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Discussion Starter · #1 ·
or: How much sluggishness can I blame on my bike?

Hi guys, new to the forum here. I ride an old Schwinn 10 speed, she's really not flashy looking, but I see that as a plus as she's less likely to get stolen. I got a tune up and new rear wheel at the beginning of summer and to me it feels like it rides great, until I get in the situation mentioned below. I am getting tired of the old style shifters though, and the bigger problem is I'm tired of getting passed on the trail by the hardcore guys like I'm standing still. I admit to being at bit heavy at 215 lbs and I haven't always been so active, but I've been back in the saddle so to speak for two years now, and I try to ride pretty regular. I have Iowan winters here though, and screw riding the fake things in the gym. When I first started back I was out of breath the whole time, I was a huge mess. My heart and lungs rarely complain like they used to, and my capacity for testing myself with miles and hills seems to have hit a limit I rarely have the time to even approach. This is what makes me think maybe my bike is limiting me but maybe I'm just not pushing myself to go as fast as I should be.

My question is, would a modern bike give me enough of an edge so I wouldn't feel like such a loser out there, or is my main problem that I'm just carrying more weight than those skinny guys and they have years of practice on me? I was looking at a Trek 1.1, that's about all I could hope for budget wise maybe. I don't really know the good brands apart from that Trek seems popular. I halfway hope you guys tell me that my Schwinn isn't the issue, I really do love that bike, and it would give me a reason to work harder, but the other answer would make me feel good too. ;)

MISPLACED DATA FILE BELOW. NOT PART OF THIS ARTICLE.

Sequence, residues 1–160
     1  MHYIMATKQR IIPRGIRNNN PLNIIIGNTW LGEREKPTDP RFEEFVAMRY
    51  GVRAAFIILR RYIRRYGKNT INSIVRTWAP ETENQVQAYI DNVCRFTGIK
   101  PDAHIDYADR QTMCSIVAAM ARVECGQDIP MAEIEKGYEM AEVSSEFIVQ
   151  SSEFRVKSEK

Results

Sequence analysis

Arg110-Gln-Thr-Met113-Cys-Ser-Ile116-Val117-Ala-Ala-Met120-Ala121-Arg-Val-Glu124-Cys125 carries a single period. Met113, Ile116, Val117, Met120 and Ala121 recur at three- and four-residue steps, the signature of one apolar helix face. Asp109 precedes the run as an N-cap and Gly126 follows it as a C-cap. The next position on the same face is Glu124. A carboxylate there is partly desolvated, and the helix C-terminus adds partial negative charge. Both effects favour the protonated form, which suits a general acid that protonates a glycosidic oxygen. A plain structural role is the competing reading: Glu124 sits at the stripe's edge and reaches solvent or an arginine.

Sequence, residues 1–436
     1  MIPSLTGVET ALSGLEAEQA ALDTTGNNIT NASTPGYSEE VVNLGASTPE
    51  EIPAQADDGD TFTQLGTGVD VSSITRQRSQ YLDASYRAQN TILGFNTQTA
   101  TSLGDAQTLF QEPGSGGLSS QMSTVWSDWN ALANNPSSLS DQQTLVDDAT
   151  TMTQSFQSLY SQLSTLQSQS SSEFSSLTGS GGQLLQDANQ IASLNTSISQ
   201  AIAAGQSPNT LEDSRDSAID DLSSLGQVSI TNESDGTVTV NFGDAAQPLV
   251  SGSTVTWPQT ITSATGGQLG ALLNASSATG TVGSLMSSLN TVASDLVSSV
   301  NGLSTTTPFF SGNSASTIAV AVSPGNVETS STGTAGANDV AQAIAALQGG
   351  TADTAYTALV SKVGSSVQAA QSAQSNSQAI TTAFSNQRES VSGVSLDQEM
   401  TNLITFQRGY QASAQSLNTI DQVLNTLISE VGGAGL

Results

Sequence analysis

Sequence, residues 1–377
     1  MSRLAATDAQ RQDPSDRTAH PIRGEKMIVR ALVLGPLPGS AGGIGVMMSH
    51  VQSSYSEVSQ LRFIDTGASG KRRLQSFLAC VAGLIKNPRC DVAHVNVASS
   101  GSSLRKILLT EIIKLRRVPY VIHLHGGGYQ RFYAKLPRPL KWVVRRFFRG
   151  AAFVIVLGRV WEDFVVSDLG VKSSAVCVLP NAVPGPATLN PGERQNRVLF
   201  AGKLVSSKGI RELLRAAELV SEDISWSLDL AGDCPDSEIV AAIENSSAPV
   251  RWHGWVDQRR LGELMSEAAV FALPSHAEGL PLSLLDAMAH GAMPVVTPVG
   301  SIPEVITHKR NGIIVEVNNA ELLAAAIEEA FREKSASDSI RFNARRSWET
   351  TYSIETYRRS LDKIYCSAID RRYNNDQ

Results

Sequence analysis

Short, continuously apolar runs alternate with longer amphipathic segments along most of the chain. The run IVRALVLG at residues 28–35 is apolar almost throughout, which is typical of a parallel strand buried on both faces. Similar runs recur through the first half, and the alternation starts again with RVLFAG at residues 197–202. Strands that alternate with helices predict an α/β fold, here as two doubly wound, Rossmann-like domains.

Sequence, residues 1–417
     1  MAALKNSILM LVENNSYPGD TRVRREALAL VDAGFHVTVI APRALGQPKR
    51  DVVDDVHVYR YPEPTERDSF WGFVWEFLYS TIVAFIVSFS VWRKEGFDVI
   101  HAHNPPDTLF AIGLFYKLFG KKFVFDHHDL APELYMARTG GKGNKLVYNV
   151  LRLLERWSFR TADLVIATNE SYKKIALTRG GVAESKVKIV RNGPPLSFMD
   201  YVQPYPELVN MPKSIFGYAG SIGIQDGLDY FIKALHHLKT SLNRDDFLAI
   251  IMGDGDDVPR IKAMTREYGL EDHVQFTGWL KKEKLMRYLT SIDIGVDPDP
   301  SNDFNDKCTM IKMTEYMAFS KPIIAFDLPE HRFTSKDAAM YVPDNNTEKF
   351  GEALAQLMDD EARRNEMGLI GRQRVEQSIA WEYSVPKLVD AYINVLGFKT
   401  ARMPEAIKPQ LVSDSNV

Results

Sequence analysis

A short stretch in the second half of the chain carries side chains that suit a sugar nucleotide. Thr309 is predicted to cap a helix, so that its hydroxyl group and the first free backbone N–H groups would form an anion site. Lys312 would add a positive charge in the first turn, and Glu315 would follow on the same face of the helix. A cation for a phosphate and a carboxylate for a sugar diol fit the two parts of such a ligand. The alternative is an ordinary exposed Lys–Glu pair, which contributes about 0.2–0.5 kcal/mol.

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It's the motor, not the chassis. Sorry. Getting spanked by younger guys that are in better shape and probably have a huge mileage base isn't helping your ego either. Don't despair, for I have a plan. First, you'll only get better by riding more and raising your fitness levels.

If you can do 20 miles without feeling like you're going to die, then you can consider intervals. But I'm not going to suggest a training program just yet. I'm going to suggest an incentive program. Why don't you reward yourself with some cash into your bike fund? I don't know your budget or mileage, but it could be as stingy as ten cents a mile, or a buck a mile. Each week, add up your miles, and pay into your bike fund. I think that may just motivate you to get fitter much quicker, and when you do reach your mileage/budget goal, you'll have a good mileage base, and be able to kick some ass on your new bike.